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The Greatly Exaggerated Death Of The "Who's Who" List?

Are you old enough to remember the "Who's Who" list? Actually, it's not just one list but many companies that offer these sorts of lists. Usually they are billed as professional networking groups of influential people and they actively recruit new members through flattering emails and letters talking about "exclusivity" and "rare achivements." In the past, most people used it as a sort of virtual rolodex to extend their personal networks and find leads of people to hire or partner with.

Over the past few months as I have been contacted by several of these lists to be part of their "exclusive" 2009 publication. They have names like Presidential, Continental and Marquis – and they all promise things like blasting my bio on a billboard in Times Square, and accessing a site where I can connect with all sorts of other highly influential people that I may not know yet. All in exchange for my paying a small "listing fee" to augment my "free listing" which apparently will be part of the directory anyway.

With the rise of online professional networking tools like LinkedIn and social networks like Facebook – you might have thought surely these Who's Who lists have become a forgotten relic of the past, but they seem to be alive and well. Though it may be hard to imagine people still pay for this sort of thing for someone like me who is active on social networks and publishes content to connect to more people, perhaps this Who's Who list subculture is the secret engine really driving business relationships and networks. Am I missing something here, or are these Who's Who lists a virtual ego stroke destined to join Encylopedia Brittanica as tools of a past age that our digital lives are making obsolete?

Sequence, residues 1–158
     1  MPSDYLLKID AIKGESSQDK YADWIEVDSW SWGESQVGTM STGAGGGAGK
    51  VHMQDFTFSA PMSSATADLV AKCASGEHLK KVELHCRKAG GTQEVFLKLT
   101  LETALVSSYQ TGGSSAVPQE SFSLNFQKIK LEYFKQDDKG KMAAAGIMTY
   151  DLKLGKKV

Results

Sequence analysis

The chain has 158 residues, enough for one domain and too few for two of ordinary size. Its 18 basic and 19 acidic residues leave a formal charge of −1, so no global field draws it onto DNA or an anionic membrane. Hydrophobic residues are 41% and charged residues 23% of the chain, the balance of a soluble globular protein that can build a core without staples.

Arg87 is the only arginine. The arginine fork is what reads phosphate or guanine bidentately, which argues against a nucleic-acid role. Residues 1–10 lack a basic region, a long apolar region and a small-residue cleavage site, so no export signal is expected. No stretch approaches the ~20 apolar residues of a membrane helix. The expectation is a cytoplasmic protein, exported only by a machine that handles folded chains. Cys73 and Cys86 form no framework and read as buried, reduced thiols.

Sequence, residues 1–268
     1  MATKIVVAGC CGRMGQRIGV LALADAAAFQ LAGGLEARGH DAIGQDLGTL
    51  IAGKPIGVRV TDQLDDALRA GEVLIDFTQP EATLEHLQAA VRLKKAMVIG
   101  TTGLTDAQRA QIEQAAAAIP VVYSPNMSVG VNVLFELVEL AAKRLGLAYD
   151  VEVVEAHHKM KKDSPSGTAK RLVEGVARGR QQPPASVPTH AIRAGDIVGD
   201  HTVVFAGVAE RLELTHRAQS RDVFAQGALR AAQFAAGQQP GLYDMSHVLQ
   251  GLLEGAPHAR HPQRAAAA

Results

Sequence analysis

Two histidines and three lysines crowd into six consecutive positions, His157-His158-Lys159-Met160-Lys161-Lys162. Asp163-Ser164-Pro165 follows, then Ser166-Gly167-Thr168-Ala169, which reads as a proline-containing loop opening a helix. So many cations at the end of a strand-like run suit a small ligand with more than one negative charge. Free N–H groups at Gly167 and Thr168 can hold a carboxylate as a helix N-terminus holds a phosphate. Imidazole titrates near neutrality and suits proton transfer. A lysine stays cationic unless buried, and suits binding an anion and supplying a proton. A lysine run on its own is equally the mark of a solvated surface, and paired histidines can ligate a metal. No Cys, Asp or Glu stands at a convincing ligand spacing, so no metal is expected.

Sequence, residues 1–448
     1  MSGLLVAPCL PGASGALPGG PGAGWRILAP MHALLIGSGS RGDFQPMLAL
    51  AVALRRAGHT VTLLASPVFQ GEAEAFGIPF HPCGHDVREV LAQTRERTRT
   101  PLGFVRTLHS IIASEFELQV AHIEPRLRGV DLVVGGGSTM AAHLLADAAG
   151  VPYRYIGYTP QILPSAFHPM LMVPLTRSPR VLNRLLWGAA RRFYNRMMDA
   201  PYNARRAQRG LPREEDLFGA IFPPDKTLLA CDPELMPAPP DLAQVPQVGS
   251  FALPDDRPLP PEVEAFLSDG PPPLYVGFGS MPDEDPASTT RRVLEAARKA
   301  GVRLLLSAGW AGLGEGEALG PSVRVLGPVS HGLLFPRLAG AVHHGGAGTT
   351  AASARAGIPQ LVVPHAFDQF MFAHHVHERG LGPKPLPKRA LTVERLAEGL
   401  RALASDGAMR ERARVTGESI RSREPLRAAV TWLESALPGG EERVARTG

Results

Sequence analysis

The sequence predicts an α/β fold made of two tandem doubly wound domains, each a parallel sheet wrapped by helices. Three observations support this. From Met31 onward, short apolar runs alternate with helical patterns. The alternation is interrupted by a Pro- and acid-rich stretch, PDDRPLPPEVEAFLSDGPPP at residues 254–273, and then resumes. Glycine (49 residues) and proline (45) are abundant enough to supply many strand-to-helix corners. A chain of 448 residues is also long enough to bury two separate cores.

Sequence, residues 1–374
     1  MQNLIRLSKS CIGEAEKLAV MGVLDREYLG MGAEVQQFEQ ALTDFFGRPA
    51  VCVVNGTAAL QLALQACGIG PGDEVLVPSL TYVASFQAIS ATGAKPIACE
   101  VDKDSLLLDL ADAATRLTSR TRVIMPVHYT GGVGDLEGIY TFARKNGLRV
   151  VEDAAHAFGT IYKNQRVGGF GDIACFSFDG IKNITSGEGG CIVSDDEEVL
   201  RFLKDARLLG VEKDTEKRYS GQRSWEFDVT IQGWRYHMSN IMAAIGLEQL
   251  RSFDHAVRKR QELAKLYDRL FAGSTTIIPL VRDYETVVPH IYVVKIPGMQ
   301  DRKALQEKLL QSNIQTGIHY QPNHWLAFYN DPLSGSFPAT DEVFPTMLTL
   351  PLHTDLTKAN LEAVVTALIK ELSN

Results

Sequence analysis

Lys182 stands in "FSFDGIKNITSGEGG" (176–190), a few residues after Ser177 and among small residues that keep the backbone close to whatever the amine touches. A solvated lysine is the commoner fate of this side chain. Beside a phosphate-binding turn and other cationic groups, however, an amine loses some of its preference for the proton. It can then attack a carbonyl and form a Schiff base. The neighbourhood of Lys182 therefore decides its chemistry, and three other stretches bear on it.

4 thoughts on “The Greatly Exaggerated Death Of The "Who's Who" List?”

  1. You are indeed missing something.

    While a few Who’s Who lists may be legit and struggling to work in its current model, the great majority of them are actually thinly veiled scams. They do as you say, stroke your ego and promise you the world for a fee of some sort. If you pay the fee, its likely that you will get your name printed in a book no one ever sees, or listed in a directory that no one cares about.

    They have relentless telemarketers even after you say ‘no thanks.’ I also suspect that there may be a network of sorts between these lists, because once you say no to one, you will get calls from several more.

    If you tell them that Linkedin, facebook, or some other site are more reliable (and free), they will launch into a spiel on how prestigious their list is. Simply asking them “do you even know who I am? and why do I deserve this?” makes it very clear from their answers that they are just telemarketers and you are a name in a list of many.

    A quick search for ‘whos who scam’ will explain it better than I.

    Reply
  2. AMEN. I have long thought these things were scams and always laughed when I saw someone list their Who’s Who credential in a bio. The last one that called me lost interest VERY QUICK when I told them I wouldn’t buy their book. Somehow my free listing vanished!

    Reply
  3. I honestly thought that they only did this for high school students. Random, I can’t even imagine why anyone would pay to have their names included on this Rolodex. Maybe the signal is stronger because only 5 people utilized the service?

    Reply
  4. I am old enough to have heard of the Who is Who lists, but not old enough to have ever been involved in either being listed or caring who was listed.

    I think it is funny that you have to pay a listing fee for a FREE listing. I guess they can come up with some kind of excuse for charging you, whatever.

    Personally, I think it is a ploy to make money and stroking the EGOs of people to do so. I am not saying they won’t post you as a “WHO” because they probably will, but what real benefit does it provide. I am guessing NONE.

    Reply

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